The concept of convenience centers was an innovation, where schools and recreation centers would occasionally be paired with neighborhood shopping (shown as red boxes) to provide community focal points throughout the scheme, with larger schools (junior highs, two red boxes) paired with larger shopping areas. In generic US suburbia schools and retail are quite separate.

An unusual feature of the plan is the “panhandle” extending to the east, This was envisioned as a mostly industrial area, but was mainly driven by political considerations. More on that later.

Newfields Plan Development

The initial plan was quite schematic and envisioned most of the land under the control of the developer. In reality ownership was quite fragmented, with some property held as life estates and others remaining as in-holdings, not purchased at all. So the planning was altered to address this reality.

But not altered too much as one still sees the town center/community college, and the Wolf Creek valley and tributaries as the organizing feature of the scheme. (Purple is shopping and blue are schools). The Wolf Creek Expressway appears, arcing its way along the panhandle into Dayton.

Another scheme has more of a village center concept, with three village centers (dashed circles and oval) comprised of housing of various densities, shopping, and schools. In this case one can see industry along the railroad line, which was still active at that time.

One of the goals of the Title VII new communities was socioeconomic integration via mixing apartments and townhouses in with houses. This was a radical feature for suburban Dayton, where single family housing is usually quite separate from multifamily, leading to socioeconomic segregation and social exclusion. One can see that mix in the above graphic, where orange denotes high density housing snaking through the new town, following the greenways.

The Design Think Tank

All this was in outline. Detailed design of the new town was to be done on a case-by-case, subcommunity-by-subcommunity basis via a design think tank made up of design consultants, the staff ecologist, and residents. The intention was not to have a predetermined form, but to take a more ad-hoc, participatory approach. This seems to be a reflection of the 1960s interest in process, letting the process determine the form. Which once again relates to the concept of indeterminacy, eschewing a comprehensive, top-down detailed master planned approach.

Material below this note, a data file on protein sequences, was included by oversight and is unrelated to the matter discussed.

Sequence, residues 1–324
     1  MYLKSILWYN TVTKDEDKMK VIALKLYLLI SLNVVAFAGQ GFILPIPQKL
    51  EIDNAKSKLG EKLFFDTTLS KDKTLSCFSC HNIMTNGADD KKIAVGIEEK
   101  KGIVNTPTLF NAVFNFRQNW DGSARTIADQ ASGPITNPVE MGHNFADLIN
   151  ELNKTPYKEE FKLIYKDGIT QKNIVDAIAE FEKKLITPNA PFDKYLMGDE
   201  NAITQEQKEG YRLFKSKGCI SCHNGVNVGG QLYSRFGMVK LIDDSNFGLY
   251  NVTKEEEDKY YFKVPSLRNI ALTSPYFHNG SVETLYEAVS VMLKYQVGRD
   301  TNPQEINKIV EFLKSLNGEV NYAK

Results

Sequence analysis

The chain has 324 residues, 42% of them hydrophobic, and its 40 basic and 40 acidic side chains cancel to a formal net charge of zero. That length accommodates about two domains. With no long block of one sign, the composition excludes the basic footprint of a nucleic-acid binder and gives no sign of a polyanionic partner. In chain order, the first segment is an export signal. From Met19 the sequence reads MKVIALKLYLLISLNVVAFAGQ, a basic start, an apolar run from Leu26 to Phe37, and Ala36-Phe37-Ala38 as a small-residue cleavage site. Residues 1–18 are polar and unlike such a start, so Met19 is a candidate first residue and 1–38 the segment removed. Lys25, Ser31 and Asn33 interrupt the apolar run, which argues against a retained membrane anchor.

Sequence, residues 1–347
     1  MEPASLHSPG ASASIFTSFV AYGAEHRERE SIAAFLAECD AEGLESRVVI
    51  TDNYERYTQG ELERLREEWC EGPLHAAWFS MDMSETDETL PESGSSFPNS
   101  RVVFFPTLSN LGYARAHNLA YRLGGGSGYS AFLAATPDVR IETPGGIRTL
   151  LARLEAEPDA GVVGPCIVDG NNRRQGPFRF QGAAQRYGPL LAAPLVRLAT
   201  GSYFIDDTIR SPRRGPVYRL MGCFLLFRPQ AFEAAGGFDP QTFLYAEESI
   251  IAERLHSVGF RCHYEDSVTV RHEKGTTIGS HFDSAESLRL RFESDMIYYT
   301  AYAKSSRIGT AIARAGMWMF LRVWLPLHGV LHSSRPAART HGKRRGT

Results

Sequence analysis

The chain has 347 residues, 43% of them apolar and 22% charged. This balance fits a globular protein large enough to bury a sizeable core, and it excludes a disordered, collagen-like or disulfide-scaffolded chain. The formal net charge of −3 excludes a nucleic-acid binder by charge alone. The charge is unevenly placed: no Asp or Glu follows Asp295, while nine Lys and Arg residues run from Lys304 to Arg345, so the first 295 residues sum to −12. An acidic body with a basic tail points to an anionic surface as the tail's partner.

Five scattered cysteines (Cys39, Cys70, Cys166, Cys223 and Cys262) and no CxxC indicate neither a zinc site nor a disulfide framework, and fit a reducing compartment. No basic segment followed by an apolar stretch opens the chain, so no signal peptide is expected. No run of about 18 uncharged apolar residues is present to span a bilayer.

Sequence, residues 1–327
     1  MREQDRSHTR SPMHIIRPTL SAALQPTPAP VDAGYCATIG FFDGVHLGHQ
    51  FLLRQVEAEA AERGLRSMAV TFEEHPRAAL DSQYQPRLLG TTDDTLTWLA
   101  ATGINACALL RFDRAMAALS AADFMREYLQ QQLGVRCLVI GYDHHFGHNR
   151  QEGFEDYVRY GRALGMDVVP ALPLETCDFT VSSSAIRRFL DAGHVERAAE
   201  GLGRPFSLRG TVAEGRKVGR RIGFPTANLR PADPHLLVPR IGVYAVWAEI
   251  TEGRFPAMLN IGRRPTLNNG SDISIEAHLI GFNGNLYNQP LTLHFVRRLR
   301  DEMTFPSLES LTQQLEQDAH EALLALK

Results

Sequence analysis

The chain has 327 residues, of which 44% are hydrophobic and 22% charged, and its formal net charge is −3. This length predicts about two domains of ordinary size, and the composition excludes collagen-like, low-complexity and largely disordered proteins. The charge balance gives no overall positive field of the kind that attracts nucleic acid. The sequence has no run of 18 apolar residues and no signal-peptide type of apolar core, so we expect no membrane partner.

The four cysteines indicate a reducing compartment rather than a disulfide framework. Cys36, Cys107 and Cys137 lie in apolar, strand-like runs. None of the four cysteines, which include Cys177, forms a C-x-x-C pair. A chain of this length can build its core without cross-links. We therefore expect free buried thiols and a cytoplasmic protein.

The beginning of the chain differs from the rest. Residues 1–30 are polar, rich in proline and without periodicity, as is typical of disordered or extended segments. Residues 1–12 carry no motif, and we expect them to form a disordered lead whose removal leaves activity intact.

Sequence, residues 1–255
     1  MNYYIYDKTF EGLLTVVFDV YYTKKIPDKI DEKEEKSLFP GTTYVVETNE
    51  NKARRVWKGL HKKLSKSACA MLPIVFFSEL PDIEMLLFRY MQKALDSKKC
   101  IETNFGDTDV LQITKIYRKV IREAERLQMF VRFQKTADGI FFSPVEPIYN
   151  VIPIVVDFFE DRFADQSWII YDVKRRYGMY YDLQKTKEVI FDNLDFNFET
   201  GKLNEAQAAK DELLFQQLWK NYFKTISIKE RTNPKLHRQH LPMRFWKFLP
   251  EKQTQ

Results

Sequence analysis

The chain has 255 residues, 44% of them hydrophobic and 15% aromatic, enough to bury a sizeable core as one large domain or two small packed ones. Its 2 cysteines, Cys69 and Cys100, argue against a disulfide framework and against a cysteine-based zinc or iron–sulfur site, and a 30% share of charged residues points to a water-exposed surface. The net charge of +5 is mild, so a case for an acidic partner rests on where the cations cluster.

One can see this in action with this preliminary study, which provides a generalized outline, but also locates how various housing densities would mix, color coded in shades of red. Yellow would be single family and dark red, perhaps, a high-rise.

The label says study, but Village 1 was, believe it or not, partially built. Subject of a future Daytonology thread.

Tuesday, April 28, 2009

Newfields and Ecological Planning

Newfields started out inspired by Reston, and this early sketch shows the intent a bit, to dam up Wolf Creek for a lake and put a community college and shopping center near by, with housing all around.

Instead Newfields would be influenced by the new concept of land use suitability planning, also called ecological planning.

The approach was developed during the 1960s by Ian McHarg and his colleagues at the University of Pennsylvania. McHarg was a Scot, trained in landscape architecture at Harvard, and a sort of public intellectual during the 1960s (with his own TV show), as well as an innovative planner and designer. The concept was to overlay constraints to determine the best place to build.

The concept, via examples alternating with biographical and philosophical writings, was popularized via McHarg’s book, Design With Nature, published in 1969, just in time for the New Communities legislation. McHarg himself would design one of the Title VII new communities, The Woodlands, north of Houston, using ecological planning principles.
Design with Nature was perhaps one of the most influential books of its era, influencing generations of landscape architects and planners. Eventually the overlay technique would be the intellectual foundation for computerized Geographic Information Systems, AKA GIS.